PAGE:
Born in Brooklyn in the 1960s, the decade that saw Neil Armstrong and Buzz Aldrin make history as the first human beings to walk on the moon, Darren Aronofsky, like many kids of his generation, idolized astronauts. “My favorite book was this pop-up book on Spacelab that I leafed through so many times, I eventually had to tape up the book to hold it together,” the filmmaker recalls.
Call it early training for One Strange Rock, the new 10-part documentary series about Earth that marks the Oscar-nominated director’s first foray into television. Produced by Aronofsky’s Protozoa Pictures, Jane Root’s Nutopia, and Will Smith’s Overbrook Entertainment, the ambitious docu-series premieres March 26 on the National Geographic Channel. It’s narrated by Smith and explores life on Earth, looking into the origins of life, how all life is interdependent, and what it would take to foster life on another planet. One Strange Rock features commentary from astronauts who have had the experience of observing, from way up in space, the big blue ball that we humans call home. Among them: Chris Hadfield, the first Canadian astronaut to command the International Space Station; Mae Jemison, a member of the first class of astronauts to go into training after the 1986 Challenger accident and the first African American woman to go into space; and Peggy Whitson, who recently returned from her third trip to space during which she set a NASA record for the most cumulative days in space–665 total–for any American astronaut.
Aronofsky wanted to make a cinematic doc series that would combine footage shot in space and on Earth. He was able to tap European Space Agency astronaut Paolo Nespoli’s to serve as cinematographer and film Whitson during her recent stay on the International Space Station. “He knew how to shoot,” says Aronofsky, who equipped Nespoli with a RED HD camera. “I more gave him the visual language that we were looking for that would differentiate the footage you normally see from the inside space station.”
Like any director, Aronofsky wanted the lighting to be just right: “The first thing I said to him was, ‘Hey, is there any way we can turn off those fluorescents and let the sun and the planet Earth and the moon light Peggy?'”
The filmmaker also gave Nespoli tips on what type of lensing to use and directed him to employ a cinema verité style.
To his amazement, Aronofsky was able to communicate with Nespoli via email to offer immediate feedback on the footage the astronaut was shooting. “I had no idea you could just email an astronaut,” Aronofsky says. “For some reason, I thought it was like Apollo times where it would take a long time to reach them.”
Aronofsky also provided detailed shooting instructions for the Earth-based One Strange Rock crew that spent nearly two years traveling to 145 locations in 45 countries on six continents, using cutting-edge equipment, including Phantom digital high-speed cameras and micro- and macro-photography technology to shoot everything from massive dust storms in Ethiopia to kids hunting for meteorites in Morocco. “We wanted our teams to capture all of these amazing locations in ways that have never been photographed before, so we came up with a visual handbook that laid out what type of equipment we used, what type of lenses, everything,” Aronofsky says. “It was all about trying to create boundaries for these different teams so that when all the material came in, we would have similar types of shots that could connect all these different places on the planet and reinforce the idea that we’re all on one strange rock.”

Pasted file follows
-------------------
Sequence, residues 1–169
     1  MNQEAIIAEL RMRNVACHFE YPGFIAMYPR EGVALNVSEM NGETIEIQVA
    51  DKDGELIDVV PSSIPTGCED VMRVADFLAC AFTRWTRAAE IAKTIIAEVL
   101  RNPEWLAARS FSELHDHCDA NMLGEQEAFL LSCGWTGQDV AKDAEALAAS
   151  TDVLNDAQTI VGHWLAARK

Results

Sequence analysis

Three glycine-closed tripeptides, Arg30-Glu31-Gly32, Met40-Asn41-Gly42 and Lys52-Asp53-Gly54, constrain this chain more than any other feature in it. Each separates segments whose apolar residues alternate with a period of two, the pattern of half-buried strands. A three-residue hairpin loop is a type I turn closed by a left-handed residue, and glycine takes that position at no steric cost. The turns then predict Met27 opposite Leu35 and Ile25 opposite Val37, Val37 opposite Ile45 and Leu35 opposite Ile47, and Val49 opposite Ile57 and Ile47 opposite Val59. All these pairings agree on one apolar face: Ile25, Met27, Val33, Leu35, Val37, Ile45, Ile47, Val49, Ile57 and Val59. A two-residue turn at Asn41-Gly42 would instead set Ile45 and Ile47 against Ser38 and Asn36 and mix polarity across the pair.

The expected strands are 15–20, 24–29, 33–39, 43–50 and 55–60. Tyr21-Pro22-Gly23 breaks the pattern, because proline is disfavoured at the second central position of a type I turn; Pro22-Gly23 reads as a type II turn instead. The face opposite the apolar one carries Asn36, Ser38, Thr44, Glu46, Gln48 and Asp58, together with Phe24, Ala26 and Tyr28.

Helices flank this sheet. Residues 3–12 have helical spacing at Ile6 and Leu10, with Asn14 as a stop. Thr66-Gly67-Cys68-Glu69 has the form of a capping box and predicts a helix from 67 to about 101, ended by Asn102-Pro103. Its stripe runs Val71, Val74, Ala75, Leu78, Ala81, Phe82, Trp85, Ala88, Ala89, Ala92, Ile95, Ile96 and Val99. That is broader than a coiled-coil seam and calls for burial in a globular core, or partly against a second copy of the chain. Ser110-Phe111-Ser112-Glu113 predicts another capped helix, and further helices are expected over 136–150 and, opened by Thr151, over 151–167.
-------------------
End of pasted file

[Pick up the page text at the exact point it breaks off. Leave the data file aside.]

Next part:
While it would seem there would be little or no relation between the feature films Aronofsky has directed and nature and science documentary filmmaking, he did use a technique that he has employed in his previous work. “A kind of signature thing I’ve done in my last few films has been following characters through their landscapes. I started that in The Wrestler, and I continue it through Mother! And that was something we knew we were going to do with the people in One Strange Rock. You can see that in the trailer,” Aronofsky says.
And while drones are commonly used in filmmaking these days, Aronofsky wanted to use the aerial device in a creative way. “We came up with a spinning drone shot from above that you’ll see a lot,” he says.
“I don’t think there’s a sequence that doesn’t have something that has some type of wow factor,” he says. Two in particular had him in awe: one that reveals the largest lava lake in the world and another in which a grandfather and his grandson collect seafood from beneath an ice shelf in northern Canada as the tide goes in and out.
Beyond the nonstop visual wows, One Strange Rock is impactful on an emotional level when the astronauts go beyond science talk to share their personal feelings about seeing the Earth from way up among the stars. “One of the things we learned from making this show is that the trip into space is not just an adventure, but a spiritual transformation, or a personal transformation of perspective and psyche,” says Ari Handel, Aronofsky’s producing partner at Protozoa Pictures. “So that adds a different layer, and that’s something we really tried to capture in the series.”
There isn’t an overt message warning about the dangers of climate change in One Strange Rock. The focus of the series is really on showcasing the beauty, wonder, and weirdness of our planet. But as science buffs–Handel is a neuroscientist-turned-filmmaker, and Aronofsky is a trained field biologist whose dad is a high school earth sciences teacher–as well as human beings who care about the environment, both men do hope the audience will become sensitive to the fragility of humans’ only home. “Our main goal was to give people a perspective shift,” Handel says. “To get them to look at some of the systems of this planet through new eyes so they can see what an amazing place it really is and how we all take it for granted.”